Most Americans will remember the name Valley Forge from history as the place where George Washington and the Continental Army camped during the winter of 1777-1778. If you are planning a trip to the area, you are probably wondering if Valley Forge is worth visiting.
Valley Forge is definitely worth visiting. This fascinating historical site offers guests the opportunity to learn more about how Continental Soldiers weathered the winter of 1777 and how the winter of ’77 affected the rest of the Revolutionary War.
So was there ever a battle at Valley Forge? Why did so many soldiers die at Valley Forge? Where did the name of Valley Forge even come from? Discover more about this historically significant place in the following paragraphs.
A Brief History of Valley Forge
Valley Forge located in Pennsylvania, was first settled in 1742 when a band of Quakers built the Mount Joy Iron Forge on the site. Over the decades, the locals invested in substantial improvements to the forge and surrounding works. By 1777, Valley Forge was a thriving, if small, settlement.
In 1777, the settlement attracted the attention of the Continental Army’s quartermaster, a man named Thomas Mifflin. Mifflin saw the settlement as a strategic storage point for Continental Army supplies, and soon, Valley Forge was home to a Continental Army supply cache. This point drew concern from many of the locals, especially a man named William Dewees Jr., who was concerned that the presence of Continental Army munitions would attract attention from the British.
These concerns proved prescient, as Valley Forge was raided by a band of British soldiers later in 1777. This engagement was more of a skirmish than a full battle, but it attracted the attention of the Continental Army. As the winter of 1777 approached, George Washington and his most trusted officers decided that the small settlement would be an ideal place to spend the winter.
Washington’s decision to camp in Valley Forge was based on solid strategy. Valley Forge was just outside Philadelphia, which was under British control. Legislators, generals, and civilians all feared that the British would use their toehold in Philadelphia to launch more aggressive incursions into the countryside.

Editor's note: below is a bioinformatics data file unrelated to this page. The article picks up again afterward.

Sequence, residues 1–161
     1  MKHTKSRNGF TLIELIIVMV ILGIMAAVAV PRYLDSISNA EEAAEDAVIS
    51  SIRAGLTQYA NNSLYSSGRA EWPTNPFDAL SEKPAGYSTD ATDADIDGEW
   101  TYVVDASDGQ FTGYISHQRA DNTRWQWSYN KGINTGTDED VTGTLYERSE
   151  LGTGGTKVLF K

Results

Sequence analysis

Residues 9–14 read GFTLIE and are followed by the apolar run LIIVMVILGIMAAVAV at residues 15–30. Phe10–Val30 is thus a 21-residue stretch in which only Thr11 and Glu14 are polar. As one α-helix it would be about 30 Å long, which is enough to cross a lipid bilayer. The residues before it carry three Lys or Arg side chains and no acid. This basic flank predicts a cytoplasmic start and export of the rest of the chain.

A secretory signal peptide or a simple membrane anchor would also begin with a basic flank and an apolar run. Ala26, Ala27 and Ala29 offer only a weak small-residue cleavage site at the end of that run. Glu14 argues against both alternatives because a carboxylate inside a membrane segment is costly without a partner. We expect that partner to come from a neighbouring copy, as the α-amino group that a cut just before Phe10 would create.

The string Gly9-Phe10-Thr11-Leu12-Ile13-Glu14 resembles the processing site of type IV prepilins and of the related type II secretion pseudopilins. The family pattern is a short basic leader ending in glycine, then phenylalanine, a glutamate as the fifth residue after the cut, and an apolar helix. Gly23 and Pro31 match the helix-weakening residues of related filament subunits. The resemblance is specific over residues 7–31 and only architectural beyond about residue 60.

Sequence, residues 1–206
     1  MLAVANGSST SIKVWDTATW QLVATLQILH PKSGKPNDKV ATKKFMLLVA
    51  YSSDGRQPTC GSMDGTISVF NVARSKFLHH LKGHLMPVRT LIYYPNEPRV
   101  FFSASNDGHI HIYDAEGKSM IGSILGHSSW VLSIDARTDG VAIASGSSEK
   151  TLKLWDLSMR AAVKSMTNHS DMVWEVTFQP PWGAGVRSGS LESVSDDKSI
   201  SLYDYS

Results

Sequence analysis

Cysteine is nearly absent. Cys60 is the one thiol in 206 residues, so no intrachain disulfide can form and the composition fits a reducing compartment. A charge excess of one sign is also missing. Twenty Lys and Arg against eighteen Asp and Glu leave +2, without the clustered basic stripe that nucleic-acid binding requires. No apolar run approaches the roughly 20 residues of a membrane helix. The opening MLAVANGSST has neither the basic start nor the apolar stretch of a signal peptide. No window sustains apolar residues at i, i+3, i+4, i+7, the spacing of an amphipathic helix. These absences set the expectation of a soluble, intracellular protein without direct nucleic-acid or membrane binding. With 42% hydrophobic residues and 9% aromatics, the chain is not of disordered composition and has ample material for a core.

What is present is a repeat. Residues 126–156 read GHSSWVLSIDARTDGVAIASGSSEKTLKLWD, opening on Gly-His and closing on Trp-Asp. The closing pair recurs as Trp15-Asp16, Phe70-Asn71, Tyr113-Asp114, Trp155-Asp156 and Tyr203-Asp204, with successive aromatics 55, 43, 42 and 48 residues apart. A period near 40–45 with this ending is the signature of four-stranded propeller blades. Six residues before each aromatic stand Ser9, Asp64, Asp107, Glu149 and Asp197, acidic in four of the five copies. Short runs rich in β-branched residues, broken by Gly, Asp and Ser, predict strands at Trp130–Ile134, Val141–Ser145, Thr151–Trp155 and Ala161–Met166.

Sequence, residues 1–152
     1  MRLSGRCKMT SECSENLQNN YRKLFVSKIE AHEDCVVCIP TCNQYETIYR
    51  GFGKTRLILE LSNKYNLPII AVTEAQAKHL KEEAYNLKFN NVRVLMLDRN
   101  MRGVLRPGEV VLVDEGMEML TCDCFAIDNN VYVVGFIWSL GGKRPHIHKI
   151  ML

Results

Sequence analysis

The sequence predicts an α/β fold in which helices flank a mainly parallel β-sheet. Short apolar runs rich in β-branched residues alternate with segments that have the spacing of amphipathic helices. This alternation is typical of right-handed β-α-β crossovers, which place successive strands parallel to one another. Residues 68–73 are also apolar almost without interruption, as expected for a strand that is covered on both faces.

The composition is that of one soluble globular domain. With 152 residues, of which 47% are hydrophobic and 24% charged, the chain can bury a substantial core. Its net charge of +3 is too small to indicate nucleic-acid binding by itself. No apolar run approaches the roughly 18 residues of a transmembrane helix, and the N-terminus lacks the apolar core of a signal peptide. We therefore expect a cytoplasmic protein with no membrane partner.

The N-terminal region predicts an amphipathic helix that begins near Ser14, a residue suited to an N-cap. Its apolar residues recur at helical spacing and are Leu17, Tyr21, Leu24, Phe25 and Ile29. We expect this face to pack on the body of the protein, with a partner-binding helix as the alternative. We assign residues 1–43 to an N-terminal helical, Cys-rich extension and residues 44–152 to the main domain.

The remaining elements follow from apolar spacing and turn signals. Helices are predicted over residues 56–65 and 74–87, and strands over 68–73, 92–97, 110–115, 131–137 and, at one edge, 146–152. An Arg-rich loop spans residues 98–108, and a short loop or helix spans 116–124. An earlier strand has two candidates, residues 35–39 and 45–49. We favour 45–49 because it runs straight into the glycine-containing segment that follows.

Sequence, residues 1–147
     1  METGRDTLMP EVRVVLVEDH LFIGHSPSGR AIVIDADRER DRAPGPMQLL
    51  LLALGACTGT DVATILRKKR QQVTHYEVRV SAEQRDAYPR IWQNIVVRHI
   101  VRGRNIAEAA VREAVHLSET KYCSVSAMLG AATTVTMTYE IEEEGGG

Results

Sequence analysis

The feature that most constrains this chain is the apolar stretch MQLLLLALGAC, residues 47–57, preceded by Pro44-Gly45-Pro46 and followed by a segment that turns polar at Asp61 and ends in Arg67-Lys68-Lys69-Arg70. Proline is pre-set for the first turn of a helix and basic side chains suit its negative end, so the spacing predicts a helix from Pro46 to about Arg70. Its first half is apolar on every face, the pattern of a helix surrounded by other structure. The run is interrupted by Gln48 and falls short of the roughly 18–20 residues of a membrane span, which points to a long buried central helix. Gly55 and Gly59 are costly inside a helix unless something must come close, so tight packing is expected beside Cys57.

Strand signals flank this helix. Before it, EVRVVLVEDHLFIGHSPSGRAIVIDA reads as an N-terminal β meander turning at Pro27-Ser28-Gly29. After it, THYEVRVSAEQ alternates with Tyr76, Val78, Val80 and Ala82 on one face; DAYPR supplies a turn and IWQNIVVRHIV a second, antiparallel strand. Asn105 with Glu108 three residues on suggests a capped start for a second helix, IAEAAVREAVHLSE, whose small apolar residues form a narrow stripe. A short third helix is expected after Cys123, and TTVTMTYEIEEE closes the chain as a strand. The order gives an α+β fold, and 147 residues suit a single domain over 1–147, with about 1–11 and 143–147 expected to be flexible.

Camping at Valley Forge would enable Continental soldiers to respond to British incursions.
Valley Forge was also very close to the Schuylkill River, which facilitated supply movements. In addition, open fields provided excellent space for military exercises, and the area’s elevation made it very defensible in case the British got any ideas about attacking the Continental encampment.
Having suffered through the cold Pennsylvania winter more than once, General Washington and his officers decided that building structures in which to shelter would be better than camping in tents and huts. To that end, the Continental Army built hundreds of buildings at Valley Forge. While an exact count is not known, there were likely between 1,300 and 1,600 buildings created during the winter of 1777.
The buildings at Valley Forge varied from one to the other. While Army leadership had hoped for uniform buildings, each unit of men built a slightly different structure. Some were dug into the earth to minimize wind chill and reduce the number of materials needed, while others were more classic log-cabin style barracks.
The Continental Army did all of this while suffering extreme material shortages. The Continental Congress did not adequately fund the Army, which required the Army to obtain clothes, blankets, food, and other supplies on credit.
The difficult winter roads leading to Valley Forge made it difficult for supply wagons to reach the encampment. As a result, the soldiers at Valley Forge endured great hardships during the winter of 1777, but as time went on, the camp began to run more smoothly, and things evened out for the Army.
Keystone Answers Fun Fact: In January of 1778, a group of Philadelphia women drove several teams of oxen into Valley Forge. These women also smuggled thousands of winter shirts intended for British soldiers out of Philadelphia and distributed them to the Continental soldiers!
Visiting Valley Forge
Today, Valley Forge is a popular tourist destination. The National Park Service runs the Valley Forge National Historical Park. It is open 365 days a year and is completely free to visit! More than 2 million people visit Valley Forge every year to experience the history of this remarkable site.
One of the most popular ways to experience the site is to take a driving tour. Valley Forge features a 10-mile driving loop with nine separate stops, each offering a different slice of the Valley Forge experience. If you plan to make the drive, budget anywhere from 1-3 hours, depending on how long you plan to stay at each stop.
If you prefer not to drive, you can take a 90-minute guided tour on a trolley. Trolley tours leave from the visitor center and build in time for visitors to explore Muhlenberg’s Brigade and General Washington’s Headquarters.